Manchester United 2-0 Tottenham: Redknapp’s fears about set-pieces turn out to prove crucial
Spurs played good football in the first half, but a sloppy goal put them on the back foot, and they never recovered.
Sir Alex Ferguson went with a 4-4-2 / 4-2-2-2 shape. Michael Carrick was in the side ahead of Paul Scholes, Park Ji-Sung started on the left, and Rafael da Silva was chosen to marshal Gareth Bale, presumably because of his pace.
Harry Redknapp left out Peter Crouch with Wednesday’s game against Inter in mind, acknowledging before the game that United were strong in the air, and Spurs would instead need to play along the ground. Instead, Robbie Keane was deployed as a lone frontman. Tom Huddlestone was also absent, with Jermaine Jenas in a deep midfield role.
Neither side had anything like a true defensive midfielder or ‘destroyer’ in the centre of the pitch. Jermaine Jenas is not really a holding player, he’s someone who does a bit of everything. Luka Modric is a playmaker. Michael Carrick is a deep-lying regista. Darren Fletcher certainly has the attributes to play in a holding role, but he was used as a box-to-box player, ahead of Carrick for most of the game.
This links back to the question of what a central midfielder does in modern football. It also created an open, attractive game with both sides looking to play through midfield. There was not much of a midfield ’scrap’ – few challenges took place in that area, and the only two players who were booked for fouls throughout the game where William Gallas and Younes Kaboul, both for mistimed tackles when following their striker into deep zones.
As a result, neither side was very good at defending in midfield areas – the closing down was not quick enough, and this resulted in a very high number of shots from 20-30 yards in the opening half hour – ten between the two sides. The closest to scoring were Park and Rafael van der Vaart, who both hit the post in the opening ten minutes, from very similar range.
Manchester United were playing very narrow, with Park taking up something like a permanent central position, and Nani looking to drift inside as well. In this sense, United became 4-2-2-2 with the ball, packing the centre of the pitch and making Tottenham’s two wide players almost useless in the defensive phase of play. Rafael and Patrice Evra attempted a couple of forward runs, but nothing like the frequency with which they generally get into the opposition third in home matches. The Chalkboard below shows that United never looked to play the ball into attacking wide zones in the first half – the only passes completed in those areas are from a throw-in in the 44th minute.
It’s not often a manager explicitly states his side’s weakness before a match, but Redknapp was happy to do so.
“It’s an attacking team, it’s a small team – our biggest problem might come from dealing with set plays – apart from Kaboul and Gallas we’re not over-blessed with height…”
Midway through the first half, this came into play in a big way. Nani’s free-kick was fizzed in relatively low, and Nemanja Vidic glance a trademark header perfectly into the far corner. Height was not necessarily the issue as much as players not comfortable in the air (and poor marking) – but it’s no coincidence that Redknapp correctly predicted where his team would be vulnerable.
Tottenham were bright and responded reasonably well. United were outnumbered in the centre of the pitch and van der Vaart was one of the key players when Tottenham had the ball – always finding space and making a couple of excellent runs into the penalty box. They seemed to lack an end product, however – and with Spurs accustomed to playing a ‘big man’ upfront, the presence of Keane forced them to change their gameplan. Keane’s link-up play was good, but Bale and Aaron Lennon seemed slightly unsure of what to do when they had the ball in wide areas. In this zone Spurs needed better support from their full-backs – United’s wingers taking up narrow positions should have invited Benoit Assou-Ekotto and Alan Hutton forward more. Hutton tried to provide an attacking presence, but his touch on the ball was poor.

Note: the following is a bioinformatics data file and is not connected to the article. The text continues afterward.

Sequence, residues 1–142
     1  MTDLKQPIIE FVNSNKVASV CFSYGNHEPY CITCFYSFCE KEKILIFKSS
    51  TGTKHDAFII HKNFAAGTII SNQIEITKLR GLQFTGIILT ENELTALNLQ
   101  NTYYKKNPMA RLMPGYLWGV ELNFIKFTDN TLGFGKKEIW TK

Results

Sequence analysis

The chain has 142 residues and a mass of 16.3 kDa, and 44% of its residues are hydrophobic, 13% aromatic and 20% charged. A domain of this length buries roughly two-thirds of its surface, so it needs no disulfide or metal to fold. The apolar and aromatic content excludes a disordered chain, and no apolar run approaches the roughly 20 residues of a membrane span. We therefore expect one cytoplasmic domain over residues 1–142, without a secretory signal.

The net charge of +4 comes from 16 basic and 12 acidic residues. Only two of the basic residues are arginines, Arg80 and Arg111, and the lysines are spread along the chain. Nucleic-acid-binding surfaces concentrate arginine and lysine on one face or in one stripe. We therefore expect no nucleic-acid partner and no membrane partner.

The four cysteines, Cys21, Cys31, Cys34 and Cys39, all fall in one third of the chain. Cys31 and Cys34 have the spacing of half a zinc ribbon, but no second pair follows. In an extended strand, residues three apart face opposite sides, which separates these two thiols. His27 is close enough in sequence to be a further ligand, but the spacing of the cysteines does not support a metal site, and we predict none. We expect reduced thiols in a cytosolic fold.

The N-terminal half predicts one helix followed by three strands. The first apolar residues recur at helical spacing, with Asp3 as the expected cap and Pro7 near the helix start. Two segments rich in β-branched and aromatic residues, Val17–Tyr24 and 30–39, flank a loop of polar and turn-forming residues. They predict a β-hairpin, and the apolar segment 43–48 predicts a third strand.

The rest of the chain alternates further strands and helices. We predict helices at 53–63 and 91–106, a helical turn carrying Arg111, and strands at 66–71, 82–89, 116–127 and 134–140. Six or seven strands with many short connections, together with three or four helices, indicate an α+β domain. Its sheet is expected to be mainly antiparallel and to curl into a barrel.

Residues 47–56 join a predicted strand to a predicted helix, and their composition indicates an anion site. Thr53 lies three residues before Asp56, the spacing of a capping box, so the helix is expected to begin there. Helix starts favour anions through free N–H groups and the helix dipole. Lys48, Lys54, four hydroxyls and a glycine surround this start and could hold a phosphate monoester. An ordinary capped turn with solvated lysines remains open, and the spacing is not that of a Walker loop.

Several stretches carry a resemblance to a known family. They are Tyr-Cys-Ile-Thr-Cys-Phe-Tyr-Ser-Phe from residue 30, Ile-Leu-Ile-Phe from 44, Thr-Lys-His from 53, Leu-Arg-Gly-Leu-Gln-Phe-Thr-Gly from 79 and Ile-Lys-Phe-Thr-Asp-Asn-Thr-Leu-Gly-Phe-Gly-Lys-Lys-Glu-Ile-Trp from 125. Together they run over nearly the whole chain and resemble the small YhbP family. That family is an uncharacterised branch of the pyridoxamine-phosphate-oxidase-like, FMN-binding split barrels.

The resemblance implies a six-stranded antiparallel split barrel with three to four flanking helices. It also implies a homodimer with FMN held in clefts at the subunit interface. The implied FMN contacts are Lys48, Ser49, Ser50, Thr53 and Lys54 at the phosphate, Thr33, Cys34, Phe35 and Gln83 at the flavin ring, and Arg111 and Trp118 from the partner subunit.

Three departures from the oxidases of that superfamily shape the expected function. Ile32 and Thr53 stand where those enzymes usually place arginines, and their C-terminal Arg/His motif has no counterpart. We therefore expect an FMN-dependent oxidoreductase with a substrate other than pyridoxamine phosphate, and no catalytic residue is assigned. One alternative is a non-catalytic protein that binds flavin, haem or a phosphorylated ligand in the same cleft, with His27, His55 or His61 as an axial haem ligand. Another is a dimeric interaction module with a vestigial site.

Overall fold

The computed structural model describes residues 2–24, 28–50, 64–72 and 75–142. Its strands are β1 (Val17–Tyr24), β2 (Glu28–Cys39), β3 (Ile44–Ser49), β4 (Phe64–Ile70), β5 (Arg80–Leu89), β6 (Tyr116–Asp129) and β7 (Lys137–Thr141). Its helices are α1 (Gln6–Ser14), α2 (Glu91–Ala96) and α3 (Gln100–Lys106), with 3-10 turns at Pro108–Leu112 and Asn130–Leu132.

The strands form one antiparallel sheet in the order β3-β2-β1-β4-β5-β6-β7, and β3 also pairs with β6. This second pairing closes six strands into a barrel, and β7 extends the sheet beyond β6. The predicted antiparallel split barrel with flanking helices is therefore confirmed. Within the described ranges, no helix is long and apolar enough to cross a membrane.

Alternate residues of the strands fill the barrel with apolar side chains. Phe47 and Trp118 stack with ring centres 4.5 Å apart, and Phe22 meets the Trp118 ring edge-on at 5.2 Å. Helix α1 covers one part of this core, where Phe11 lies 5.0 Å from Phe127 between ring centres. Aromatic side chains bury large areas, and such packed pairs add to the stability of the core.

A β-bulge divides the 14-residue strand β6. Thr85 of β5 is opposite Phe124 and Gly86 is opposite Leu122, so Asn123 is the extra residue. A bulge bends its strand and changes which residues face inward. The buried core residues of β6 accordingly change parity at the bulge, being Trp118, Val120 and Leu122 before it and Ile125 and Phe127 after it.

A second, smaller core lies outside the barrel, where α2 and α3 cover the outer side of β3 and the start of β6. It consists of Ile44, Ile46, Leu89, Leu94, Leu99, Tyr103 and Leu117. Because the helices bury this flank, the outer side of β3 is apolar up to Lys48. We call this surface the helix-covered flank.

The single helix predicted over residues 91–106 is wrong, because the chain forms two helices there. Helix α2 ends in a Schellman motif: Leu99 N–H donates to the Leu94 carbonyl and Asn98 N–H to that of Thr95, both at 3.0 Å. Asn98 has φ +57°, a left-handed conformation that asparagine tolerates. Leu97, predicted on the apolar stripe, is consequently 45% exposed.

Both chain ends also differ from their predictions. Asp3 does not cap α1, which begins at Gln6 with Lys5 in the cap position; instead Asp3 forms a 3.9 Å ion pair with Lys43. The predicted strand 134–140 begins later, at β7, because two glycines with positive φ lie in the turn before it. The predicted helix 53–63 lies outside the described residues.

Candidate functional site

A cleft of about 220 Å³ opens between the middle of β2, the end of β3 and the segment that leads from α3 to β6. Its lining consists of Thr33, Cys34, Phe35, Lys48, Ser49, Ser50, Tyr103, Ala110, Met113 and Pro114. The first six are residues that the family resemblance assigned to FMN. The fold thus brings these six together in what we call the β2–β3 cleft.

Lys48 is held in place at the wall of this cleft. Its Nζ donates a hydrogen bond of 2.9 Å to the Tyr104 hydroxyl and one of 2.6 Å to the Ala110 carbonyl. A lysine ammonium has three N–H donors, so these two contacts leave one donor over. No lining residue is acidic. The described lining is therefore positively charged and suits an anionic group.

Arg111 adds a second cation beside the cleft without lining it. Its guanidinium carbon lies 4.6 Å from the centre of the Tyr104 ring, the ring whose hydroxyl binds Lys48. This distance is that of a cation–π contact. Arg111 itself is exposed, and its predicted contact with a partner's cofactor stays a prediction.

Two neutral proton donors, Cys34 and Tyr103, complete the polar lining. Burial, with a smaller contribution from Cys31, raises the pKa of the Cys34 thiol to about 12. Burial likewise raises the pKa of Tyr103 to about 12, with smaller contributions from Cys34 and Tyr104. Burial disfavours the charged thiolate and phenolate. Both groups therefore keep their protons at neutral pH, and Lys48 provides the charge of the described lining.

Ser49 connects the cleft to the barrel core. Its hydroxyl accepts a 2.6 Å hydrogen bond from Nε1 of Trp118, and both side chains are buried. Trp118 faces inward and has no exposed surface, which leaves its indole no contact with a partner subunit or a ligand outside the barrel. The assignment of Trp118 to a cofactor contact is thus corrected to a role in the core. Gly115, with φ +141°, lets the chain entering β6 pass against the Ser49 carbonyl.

United were far from home and dry, and in open play they created few clear-cut chances. They appeared to have problems getting the ball to their front two, and both Dimitar Berbatov and Javier Hernandez had little impact upon the game.
The withdrawal of Berbatov for Paul Scholes was an acknowledgement both that the Bulgarian was off-form, and that United risked being overrun in the centre of the pitch, and letting van der Vaart go free. They switched to 4-1-4-1, with Carrick the deepest player, Scholes to the left and Fletcher to the right, and they closed the game down very well.
United kept it tighter between the lines and their wingers stayed in wider positions, keeping their shape and denying Tottenham space to pass the ball. Only an excellent run from Bale in an inside-right position caused United significant problems – the Welshman running with the ball to provide a direct goalscoring threat was a better tactic for Spurs than him crossing the ball: the Chalkboard below shows that his crossing was unsuccessful throughout the game (not helped by Spurs’ lack of height).
Peter Crouch replaced van der Vaart after the Dutchman’s injury, but United looked comfortable late on. Nani’s bizarre goal sealed the win.
A few interesting factors – the lack of holding players, United’s narrowness in the first half, Tottenham’s lack of height – eventually the game came down to the simple concept of defending free-kicks. Tottenham arguably played the better football in open play but had no direct route of attack, whilst they conceded a very simple goal with no-one picking up Vidic.Manchester United 2-0 Tottenham: Redknapp’s fears about set-pieces turn out to prove crucial